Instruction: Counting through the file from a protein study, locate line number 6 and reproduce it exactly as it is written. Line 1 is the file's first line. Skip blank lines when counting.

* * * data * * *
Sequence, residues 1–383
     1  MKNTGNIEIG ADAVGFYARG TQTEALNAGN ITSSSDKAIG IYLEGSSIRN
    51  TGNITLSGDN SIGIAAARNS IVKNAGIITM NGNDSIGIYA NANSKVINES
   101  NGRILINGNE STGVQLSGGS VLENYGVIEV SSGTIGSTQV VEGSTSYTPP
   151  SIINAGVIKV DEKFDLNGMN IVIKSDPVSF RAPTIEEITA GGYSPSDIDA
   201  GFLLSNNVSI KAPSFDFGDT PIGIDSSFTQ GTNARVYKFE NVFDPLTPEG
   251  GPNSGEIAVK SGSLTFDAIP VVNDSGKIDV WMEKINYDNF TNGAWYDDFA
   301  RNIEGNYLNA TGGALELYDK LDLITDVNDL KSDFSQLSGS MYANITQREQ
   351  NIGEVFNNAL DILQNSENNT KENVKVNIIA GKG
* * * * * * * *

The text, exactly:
   201  GFLLSNNVSI KAPSFDFGDT PIGIDSSFTQ GTNARVYKFE NVFDPLTPEG